Then, they analyzed the associated risk of death after adjusting for factors including age, sex, body mass index, history of cardiovascular disease, medication, and illness at hospital admission. They found patients with milder forms of myocardial injury were associated with lower likelihood of hospital discharge and a 75 percent higher risk of death compared to patients with normal levels. Patients with higher troponin concentrations were associated with a three times higher risk of death compared to those with normal levels. Additionally, when adjusting for relevant factors including heart disease, diabetes and high blood pressure, troponin was independently associated with risk of death. More specifically, heart injury seems to be a more important indicator in predicting risk of death than a history of heart disease.
“The study concludes that myocardial injury is common among patients hospitalized with COVID -19 but is more often mild and associated with low-level troponin elevation. Despite low levels, even small amounts of heart injury could be linked to a pronounced risk of death, and COVID-19 patients with a history of cardiovascular disease are more likely to have myocardial injury when compared to patients without heart disease,” explains Dr. Lala.
“Myocardial injury is frequent in COVID-19 patients, but the question is what is the main etiology? Is this by direct effect of the virus into the myocardium, or is it an indirect effect of the cytokine storm also into the myocardium, or a procoagulant causing coronary thrombotic ischemia? These are questions that need to be addressed in future studies,” says senior author Valentin Fuster, MD, PhD, Director of Mount Sinai Heart and Physician-in-Chief of The Mount Sinai Hospital. “Additionally, we now need to follow COVID-19 patients with myocardial injury to learn more about the consequences.”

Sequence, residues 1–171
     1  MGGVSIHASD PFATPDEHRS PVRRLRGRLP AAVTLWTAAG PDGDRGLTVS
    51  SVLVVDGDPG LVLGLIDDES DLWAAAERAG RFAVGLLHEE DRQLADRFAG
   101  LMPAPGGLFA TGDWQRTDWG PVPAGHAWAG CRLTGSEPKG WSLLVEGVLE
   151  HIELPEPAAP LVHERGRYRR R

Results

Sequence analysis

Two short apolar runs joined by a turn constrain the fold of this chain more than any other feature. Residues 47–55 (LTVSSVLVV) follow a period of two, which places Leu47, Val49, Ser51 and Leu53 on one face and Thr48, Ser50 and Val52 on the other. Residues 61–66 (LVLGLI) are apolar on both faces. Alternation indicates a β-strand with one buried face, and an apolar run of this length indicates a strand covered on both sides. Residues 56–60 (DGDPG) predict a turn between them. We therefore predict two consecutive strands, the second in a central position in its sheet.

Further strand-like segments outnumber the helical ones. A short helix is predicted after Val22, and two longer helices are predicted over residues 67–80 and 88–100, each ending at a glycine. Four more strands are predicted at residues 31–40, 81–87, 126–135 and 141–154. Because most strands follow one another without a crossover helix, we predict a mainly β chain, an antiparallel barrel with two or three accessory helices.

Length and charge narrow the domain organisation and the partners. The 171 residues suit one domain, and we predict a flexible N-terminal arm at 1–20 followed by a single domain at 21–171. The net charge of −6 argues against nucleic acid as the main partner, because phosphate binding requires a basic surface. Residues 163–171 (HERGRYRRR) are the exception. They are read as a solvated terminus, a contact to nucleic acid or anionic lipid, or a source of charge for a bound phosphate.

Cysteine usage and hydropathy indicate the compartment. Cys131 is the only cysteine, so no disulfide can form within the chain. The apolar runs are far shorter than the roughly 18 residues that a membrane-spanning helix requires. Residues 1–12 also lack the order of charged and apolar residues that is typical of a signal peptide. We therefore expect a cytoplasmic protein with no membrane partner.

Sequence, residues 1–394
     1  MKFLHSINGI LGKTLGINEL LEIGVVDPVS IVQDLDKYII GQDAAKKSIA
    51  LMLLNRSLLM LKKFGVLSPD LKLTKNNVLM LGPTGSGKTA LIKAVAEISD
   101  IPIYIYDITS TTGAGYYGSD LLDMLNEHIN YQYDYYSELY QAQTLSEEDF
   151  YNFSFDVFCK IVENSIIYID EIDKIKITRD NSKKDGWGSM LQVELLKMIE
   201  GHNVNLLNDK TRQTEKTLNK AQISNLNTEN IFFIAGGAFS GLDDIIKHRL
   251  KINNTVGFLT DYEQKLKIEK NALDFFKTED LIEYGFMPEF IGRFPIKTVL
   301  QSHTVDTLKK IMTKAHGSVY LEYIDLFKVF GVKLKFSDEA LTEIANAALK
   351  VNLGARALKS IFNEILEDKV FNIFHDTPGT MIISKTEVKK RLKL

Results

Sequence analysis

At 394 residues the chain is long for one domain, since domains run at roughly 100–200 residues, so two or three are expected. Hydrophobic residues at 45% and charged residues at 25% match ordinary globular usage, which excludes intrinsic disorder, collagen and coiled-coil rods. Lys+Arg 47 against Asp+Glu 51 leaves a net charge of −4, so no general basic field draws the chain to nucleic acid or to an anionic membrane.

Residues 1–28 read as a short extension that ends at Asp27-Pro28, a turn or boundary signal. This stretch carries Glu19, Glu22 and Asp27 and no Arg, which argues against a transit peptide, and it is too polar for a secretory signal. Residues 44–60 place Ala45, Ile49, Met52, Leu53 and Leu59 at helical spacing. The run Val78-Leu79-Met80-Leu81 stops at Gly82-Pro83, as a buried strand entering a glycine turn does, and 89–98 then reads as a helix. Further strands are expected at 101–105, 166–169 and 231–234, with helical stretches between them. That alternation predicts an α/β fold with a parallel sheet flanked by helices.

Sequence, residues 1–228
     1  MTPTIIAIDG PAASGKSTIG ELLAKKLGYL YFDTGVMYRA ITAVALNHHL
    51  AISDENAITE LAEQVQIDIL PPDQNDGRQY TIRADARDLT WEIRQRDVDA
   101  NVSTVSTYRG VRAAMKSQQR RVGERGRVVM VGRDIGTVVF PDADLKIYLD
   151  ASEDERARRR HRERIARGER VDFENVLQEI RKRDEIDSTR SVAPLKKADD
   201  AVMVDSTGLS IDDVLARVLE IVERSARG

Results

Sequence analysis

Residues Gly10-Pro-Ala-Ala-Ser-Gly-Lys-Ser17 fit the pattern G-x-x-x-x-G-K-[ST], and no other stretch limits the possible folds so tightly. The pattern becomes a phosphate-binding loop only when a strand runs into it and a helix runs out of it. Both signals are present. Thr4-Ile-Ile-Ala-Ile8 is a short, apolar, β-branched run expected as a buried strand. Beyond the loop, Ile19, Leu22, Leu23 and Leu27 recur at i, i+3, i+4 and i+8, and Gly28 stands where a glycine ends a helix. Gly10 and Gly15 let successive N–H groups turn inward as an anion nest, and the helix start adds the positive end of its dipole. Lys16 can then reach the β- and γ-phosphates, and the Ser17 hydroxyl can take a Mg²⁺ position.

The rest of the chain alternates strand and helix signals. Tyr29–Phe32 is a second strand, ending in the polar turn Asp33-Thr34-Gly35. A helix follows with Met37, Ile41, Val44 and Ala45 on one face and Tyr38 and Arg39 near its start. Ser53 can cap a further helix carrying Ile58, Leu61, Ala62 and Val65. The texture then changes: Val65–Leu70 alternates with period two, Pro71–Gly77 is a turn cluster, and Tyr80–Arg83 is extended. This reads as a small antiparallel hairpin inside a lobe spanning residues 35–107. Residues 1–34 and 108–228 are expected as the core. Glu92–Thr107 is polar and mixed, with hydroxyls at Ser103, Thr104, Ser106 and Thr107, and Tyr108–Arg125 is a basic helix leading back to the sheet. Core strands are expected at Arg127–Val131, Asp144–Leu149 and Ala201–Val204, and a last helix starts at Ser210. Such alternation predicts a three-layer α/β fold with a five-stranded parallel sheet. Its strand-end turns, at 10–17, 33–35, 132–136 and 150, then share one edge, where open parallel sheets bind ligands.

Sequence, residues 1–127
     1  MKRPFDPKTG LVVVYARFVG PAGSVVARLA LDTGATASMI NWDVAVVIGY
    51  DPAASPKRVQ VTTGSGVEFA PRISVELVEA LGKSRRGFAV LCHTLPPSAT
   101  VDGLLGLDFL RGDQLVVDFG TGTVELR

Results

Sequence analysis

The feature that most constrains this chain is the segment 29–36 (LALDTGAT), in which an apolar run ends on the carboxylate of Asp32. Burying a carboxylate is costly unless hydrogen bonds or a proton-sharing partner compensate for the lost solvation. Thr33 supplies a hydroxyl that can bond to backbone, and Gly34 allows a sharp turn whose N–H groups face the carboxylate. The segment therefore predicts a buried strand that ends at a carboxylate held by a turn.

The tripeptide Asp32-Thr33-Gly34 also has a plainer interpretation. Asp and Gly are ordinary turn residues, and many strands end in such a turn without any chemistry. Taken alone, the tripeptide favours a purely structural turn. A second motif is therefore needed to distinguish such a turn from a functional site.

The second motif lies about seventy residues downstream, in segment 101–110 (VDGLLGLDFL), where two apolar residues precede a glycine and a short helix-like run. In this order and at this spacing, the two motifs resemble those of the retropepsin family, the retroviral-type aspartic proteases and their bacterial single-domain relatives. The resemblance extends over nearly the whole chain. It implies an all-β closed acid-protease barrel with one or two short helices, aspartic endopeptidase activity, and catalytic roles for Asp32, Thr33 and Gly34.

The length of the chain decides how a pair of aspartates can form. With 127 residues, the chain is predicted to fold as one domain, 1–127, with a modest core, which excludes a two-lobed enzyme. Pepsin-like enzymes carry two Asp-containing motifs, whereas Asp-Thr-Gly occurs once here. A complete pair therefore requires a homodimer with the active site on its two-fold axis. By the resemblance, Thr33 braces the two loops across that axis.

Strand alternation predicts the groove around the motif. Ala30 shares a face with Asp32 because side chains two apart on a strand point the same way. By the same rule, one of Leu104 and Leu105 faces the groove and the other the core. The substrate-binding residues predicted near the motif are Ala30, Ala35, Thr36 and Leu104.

About the Mount Sinai Health System
The Mount Sinai Health System is New York City's largest academic medical system, encompassing eight hospitals, a leading medical school, and a vast network of ambulatory practices throughout the greater New York region. Mount Sinai is a national and international source of unrivaled education, translational research and discovery, and collaborative clinical leadership ensuring that we deliver the highest quality care—from prevention to treatment of the most serious and complex human diseases. The Health System includes more than 7,200 physicians and features a robust and continually expanding network of multispecialty services, including more than 400 ambulatory practice locations throughout the five boroughs of New York City, Westchester, and Long Island. The Mount Sinai Hospital is ranked No. 14 on U.S. News & World Report's "Honor Roll" of the Top 20 Best Hospitals in the country and the Icahn School of Medicine as one of the Top 20 Best Medical Schools in country. Mount Sinai Health System hospitals are consistently ranked regionally by specialty by U.S. News & World Report.
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Journal of the American College of Cardiology